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Topic: understanding local variable memory use and braces (Read 107 times) previous topic - next topic

dochawk


I think I knew this years ago.

Well, at least how it worked on a PDP-11   ::)

If I enclose a block of code in braces, I know that the scope of variables declared there is confined to the braces.

e.g.,

Code: [Select]

void someFucntion(){

  some code

  {
    byte bracesVar=7;
    doSomeThing(bracesVar);
  }
}


Are the variables declared in such blocks only allocated upon hitting the block, or are they allocated when the underlying function begins?

An example is a section which takes commands from bluetooth, but would rarely get a command to set the time, or to manually turn on a sprinkler.


PaulS

Quote
Are the variables declared in such blocks only allocated upon hitting the block
Yes.

Quote
An example is a section which takes commands from bluetooth, but would rarely get a command to set the time, or to manually turn on a sprinkler.
I can't imagine why local variables would be a concern when turning a pin on or off (if the pin controls a solenoid that opens a valve) or when setting the position of a servo that manually operates a valve.

Local variables would be useful to save the values parsed from a command to set the time/date, but they are very small in comparison to the space used to hold the command.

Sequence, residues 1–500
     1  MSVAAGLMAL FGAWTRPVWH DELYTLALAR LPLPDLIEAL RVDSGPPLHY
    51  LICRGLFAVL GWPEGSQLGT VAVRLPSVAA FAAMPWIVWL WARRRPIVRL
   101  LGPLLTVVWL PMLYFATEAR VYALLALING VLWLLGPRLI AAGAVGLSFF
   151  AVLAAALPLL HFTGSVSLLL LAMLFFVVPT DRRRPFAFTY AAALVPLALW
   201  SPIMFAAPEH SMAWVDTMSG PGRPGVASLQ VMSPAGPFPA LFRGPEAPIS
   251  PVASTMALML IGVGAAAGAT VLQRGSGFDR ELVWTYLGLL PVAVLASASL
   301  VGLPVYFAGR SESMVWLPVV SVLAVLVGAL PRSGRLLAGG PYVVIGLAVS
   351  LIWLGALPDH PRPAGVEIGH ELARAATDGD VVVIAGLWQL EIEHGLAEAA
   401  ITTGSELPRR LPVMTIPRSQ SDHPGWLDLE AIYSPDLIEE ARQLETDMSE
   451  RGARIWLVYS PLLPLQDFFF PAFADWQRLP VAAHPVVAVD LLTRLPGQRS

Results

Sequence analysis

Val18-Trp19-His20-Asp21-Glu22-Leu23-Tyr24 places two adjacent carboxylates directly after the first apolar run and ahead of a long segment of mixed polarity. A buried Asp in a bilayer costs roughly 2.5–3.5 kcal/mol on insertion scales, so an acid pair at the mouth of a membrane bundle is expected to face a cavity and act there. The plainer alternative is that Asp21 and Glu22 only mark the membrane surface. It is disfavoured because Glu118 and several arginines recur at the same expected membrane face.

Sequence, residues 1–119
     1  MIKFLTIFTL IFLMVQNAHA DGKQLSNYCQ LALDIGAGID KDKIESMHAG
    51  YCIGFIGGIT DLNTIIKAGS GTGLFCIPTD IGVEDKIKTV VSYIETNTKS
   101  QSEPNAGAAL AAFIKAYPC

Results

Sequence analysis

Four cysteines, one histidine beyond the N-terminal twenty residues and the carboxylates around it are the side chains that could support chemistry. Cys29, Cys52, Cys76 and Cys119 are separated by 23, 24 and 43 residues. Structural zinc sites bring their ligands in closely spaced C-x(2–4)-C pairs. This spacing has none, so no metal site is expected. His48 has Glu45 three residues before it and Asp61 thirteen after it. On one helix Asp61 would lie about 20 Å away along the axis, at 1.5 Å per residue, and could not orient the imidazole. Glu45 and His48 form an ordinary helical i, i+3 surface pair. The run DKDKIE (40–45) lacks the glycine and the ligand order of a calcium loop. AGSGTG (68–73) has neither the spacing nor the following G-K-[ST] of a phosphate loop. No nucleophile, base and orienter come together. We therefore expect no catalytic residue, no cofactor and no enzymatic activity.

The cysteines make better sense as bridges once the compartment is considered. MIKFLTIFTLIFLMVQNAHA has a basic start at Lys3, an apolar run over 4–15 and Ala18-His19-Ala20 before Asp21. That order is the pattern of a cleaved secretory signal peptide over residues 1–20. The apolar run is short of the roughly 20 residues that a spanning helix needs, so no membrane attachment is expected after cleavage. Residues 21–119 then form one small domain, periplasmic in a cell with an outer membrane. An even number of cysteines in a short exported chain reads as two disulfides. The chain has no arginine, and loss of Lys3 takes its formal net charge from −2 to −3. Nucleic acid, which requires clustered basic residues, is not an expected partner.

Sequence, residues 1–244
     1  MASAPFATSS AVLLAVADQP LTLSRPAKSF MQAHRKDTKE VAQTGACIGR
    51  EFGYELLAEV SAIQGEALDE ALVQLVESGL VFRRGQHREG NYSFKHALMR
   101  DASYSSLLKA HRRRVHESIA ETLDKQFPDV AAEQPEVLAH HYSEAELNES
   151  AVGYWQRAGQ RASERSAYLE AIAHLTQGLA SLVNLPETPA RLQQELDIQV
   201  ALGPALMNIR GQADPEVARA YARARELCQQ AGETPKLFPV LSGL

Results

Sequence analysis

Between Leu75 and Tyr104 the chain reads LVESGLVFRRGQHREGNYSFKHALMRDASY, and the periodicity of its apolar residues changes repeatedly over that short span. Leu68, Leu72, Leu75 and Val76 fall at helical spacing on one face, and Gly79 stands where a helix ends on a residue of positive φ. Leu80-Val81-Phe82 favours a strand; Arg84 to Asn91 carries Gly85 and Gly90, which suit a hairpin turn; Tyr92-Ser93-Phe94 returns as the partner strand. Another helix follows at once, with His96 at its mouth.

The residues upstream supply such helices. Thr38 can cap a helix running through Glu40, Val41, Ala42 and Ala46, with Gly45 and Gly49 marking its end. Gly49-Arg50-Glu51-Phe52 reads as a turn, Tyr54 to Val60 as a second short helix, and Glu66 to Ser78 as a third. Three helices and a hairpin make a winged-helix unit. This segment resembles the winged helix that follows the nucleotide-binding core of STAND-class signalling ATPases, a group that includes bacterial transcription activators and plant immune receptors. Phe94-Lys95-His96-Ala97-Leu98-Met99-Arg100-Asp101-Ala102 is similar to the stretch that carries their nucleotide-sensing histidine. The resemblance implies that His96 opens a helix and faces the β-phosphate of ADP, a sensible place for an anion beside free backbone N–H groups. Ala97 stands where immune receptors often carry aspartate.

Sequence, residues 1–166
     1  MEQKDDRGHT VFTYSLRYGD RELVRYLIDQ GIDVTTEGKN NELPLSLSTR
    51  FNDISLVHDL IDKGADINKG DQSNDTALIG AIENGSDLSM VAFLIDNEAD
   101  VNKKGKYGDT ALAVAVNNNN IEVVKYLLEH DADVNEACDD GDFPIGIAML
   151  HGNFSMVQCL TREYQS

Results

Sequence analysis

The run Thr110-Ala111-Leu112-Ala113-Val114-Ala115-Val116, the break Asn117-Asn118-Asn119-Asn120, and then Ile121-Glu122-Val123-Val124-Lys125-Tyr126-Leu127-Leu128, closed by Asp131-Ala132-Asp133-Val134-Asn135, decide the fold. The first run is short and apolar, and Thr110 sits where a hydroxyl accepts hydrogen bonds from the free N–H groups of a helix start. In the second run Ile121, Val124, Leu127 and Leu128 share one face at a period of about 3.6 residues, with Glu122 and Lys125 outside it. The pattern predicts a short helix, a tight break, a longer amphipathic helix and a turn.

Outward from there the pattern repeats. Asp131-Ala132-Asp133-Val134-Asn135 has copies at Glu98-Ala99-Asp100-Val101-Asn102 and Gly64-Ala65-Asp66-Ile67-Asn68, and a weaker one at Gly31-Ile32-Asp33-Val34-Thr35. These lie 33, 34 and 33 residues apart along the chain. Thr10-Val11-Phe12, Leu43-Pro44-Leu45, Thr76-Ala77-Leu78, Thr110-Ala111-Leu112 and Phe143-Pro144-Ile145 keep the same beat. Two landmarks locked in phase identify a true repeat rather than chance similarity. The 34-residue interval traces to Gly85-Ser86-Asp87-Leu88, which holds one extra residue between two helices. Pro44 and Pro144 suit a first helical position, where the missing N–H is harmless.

The art of getting good answers lies in asking good questions.

vaj4088

It is possible to look at the generated code.  You may want to learn how to do that.

dochawk

Yes.
I can't imagine why local variables would be a concern when turning a pin on or off (if the pin controls a solenoid that opens a valve) or when setting the position of a servo that manually operates a valve.
I have, for example, a function which parses received wireless (currently bluetooth) messages.  There is a switch which parses by the first character, leaving up to 15.

Some of these need processing.  For example, 'r' takes two more ascii characters, the first to indicate which sprinkler, and the second for how long.  so "r13" would result in turning on bank 1 for 2^3 seconds.   (This isn't normal operation, it's there so I can be out there to work on them and tap my phone for a quick burst, instead of hollering to someone on the porch.). The global variables for currentSprinkler and sprinklerShutoffTime are then set, and the sprinkler turned on.

If I have a dozen different commands on the branches of the switch, each of which has one or two variable to calculate, allocating all of them every time the function is called.


[/quote]
Local variables would be useful to save the values parsed from a command to set the time/date, but they are very small in comparison to the space used to hold the command.
[/quote]

But those come out of different pools :). While I have comfortable RAM left, I have ROM to burn . . .


dochawk

It is possible to look at the generated code.  You may want to learn how to do that.

*shudder*

Someday, maybe, but I have so many projects with higher priority . . .

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